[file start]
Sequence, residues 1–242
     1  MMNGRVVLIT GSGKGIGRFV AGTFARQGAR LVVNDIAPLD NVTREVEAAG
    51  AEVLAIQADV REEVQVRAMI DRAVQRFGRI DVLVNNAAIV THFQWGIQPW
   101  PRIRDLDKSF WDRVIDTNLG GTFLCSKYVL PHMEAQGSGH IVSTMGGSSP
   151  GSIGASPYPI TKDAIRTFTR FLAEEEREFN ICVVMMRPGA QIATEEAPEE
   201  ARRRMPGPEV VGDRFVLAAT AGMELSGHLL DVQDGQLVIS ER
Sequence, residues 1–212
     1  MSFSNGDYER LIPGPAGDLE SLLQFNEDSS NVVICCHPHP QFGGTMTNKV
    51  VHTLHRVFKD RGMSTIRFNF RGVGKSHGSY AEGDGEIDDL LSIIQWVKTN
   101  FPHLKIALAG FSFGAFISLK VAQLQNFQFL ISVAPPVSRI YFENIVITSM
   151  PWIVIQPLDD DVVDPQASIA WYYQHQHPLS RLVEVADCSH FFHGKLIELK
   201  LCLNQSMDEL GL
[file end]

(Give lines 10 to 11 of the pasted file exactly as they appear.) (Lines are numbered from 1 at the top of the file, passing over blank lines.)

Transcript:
   101  FPHLKIALAG FSFGAFISLK VAQLQNFQFL ISVAPPVSRI YFENIVITSM
   151  PWIVIQPLDD DVVDPQASIA WYYQHQHPLS RLVEVADCSH FFHGKLIELK